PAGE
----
Suppose he or his local system managed to mangle the two files.

Then suppose he updates and finds things not working. After some finger-pointing he deletes the files with, ahem, local mods, runs update, and gee ... the right files!

Entia non sunt multiplicanda praeter necessitatem.

While it is always possible that a strange syntax error is a compiler bug and a corrupted file is an svn bug, there are usually more prosaic reasons, and we have it on William of Ockham's authority that the simpler explanation is usually the correct one.

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Good point. Except that project files and DFM (form description) files are managed by the IDE. They're stored in text format, but you don't usually edit them by hand like normal source code. I've never heard of the IDE corrupting a DFM file, and corrupted project files do happen occasionally, but not very often. So I find this explanation just a little unlikely. – Mason Wheeler Oct 13 '09 at 0:26
I agree with you completely but now we must take into account publication bias, aka reporting bias. Sure, it's unlikely, but so are the competing explanations. We are comparing unlikely scenarios with other unlikely scenarios, and given that only corruption will be reported, the fact that corruption is rare might be a dangerous factor to reason with. – DigitalRoss Oct 13 '09 at 0:38
I agree that it's most likely that he munged it locally. The "extra stuff added by svn" could well be the conflict info that svn will add to the versioned file in the working copy when it identifies a local conflict. Resolving the conflict would have made the "extra stuff" go away. Or indeed, simply deleting them and trying again. ;-) – Conor Boyd Oct 13 '09 at 0:40

Did the "munged" files contain "mine" or "theirs" text?

If so he probably mucked up his conflict resolution and ended up committing the theirs or mine rev inadvertently.

Or it's entirely possible that the merge thought it could auto-merge changes because they were in "unrelated" parts of the file, but for SVN (or any naive auto-merge process) "unrelated" simply means in lines of the files that don't/didn't overlap.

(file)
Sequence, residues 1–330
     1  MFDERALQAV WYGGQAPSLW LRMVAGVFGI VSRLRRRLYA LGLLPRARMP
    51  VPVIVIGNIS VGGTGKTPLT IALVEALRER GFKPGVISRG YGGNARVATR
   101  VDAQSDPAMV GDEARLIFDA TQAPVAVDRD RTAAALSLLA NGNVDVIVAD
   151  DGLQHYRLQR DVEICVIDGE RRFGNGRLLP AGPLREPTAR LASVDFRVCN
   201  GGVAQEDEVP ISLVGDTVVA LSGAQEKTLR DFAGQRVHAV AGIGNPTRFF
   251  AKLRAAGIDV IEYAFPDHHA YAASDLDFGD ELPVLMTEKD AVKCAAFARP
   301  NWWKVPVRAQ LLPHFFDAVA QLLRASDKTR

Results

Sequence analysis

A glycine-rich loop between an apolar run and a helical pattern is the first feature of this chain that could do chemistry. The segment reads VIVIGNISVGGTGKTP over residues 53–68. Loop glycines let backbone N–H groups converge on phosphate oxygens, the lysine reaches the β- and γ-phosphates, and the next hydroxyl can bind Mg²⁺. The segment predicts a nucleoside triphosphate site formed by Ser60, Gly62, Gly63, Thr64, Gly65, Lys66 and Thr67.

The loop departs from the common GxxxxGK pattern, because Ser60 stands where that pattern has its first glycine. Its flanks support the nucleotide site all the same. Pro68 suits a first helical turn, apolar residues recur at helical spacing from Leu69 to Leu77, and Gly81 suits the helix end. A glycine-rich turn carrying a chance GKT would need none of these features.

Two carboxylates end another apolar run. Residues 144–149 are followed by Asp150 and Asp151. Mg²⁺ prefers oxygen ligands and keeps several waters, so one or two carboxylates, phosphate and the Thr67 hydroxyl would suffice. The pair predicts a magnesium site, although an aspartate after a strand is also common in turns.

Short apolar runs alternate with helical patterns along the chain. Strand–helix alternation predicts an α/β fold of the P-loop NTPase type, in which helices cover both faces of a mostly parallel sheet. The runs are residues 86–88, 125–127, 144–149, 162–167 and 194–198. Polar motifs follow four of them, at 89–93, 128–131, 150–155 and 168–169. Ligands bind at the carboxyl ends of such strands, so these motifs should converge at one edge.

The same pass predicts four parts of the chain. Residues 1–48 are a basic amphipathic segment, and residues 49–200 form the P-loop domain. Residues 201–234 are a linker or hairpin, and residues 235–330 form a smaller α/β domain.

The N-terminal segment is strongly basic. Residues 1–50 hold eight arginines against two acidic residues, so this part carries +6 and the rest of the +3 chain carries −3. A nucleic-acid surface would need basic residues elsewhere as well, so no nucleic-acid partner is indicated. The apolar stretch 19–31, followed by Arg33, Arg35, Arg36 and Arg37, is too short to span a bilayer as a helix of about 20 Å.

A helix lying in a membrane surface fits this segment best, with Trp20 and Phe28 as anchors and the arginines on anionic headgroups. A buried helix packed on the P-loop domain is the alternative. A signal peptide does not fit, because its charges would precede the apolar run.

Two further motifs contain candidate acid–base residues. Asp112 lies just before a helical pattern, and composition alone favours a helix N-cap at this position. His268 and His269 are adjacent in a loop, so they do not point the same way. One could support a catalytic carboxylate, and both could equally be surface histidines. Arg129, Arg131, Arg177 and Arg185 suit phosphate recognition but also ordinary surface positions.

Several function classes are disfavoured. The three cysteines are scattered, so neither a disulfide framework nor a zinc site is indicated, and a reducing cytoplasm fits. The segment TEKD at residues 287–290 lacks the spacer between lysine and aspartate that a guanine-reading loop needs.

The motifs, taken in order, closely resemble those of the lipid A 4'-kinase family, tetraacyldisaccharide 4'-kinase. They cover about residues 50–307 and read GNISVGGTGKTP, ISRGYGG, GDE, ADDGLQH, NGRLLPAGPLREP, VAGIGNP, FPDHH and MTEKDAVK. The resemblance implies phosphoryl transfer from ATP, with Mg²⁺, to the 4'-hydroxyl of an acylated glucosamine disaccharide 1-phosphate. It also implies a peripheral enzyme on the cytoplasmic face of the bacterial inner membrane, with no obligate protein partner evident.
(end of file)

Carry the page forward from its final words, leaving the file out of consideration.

"Naive" auto-merge knows nothing about any structure internal to the file so may easily merge changes that it believes are unrelated when in fact the changes have adverse side effects on each other. Without knowing precisely the nature of the "munging" it's hard to say for sure, although in this case the reference to "extra stuff" suggests that inadvertent commital of "mine" or "theirs" revisions seems most likely.

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Which Delphi version? Older Delphi versions had bugs in which sometimes text DFM files became binary.

Files suddenly becoming binary kill any source control system.


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2010, so that's not an issue here. – Mason Wheeler Oct 13 '09 at 15:56
it still can be: if SVN does not support unicode properly (or one of the SVN clients does not) then you will get in trouble – Jeroen Wiert Pluimers Oct 13 '09 at 16:24

Are you working on multiple platforms? Are you using editors that assume Unix lineendings (like some cygwin tools?)

If so, check if you configured the eol-style property properly.

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I was perform a SVN update and SVN was mucking up the DFM files with <<<<<<<<.mine, which I'd never seen before. I had to manually delete those modifications before Delphi would allow me to open the project.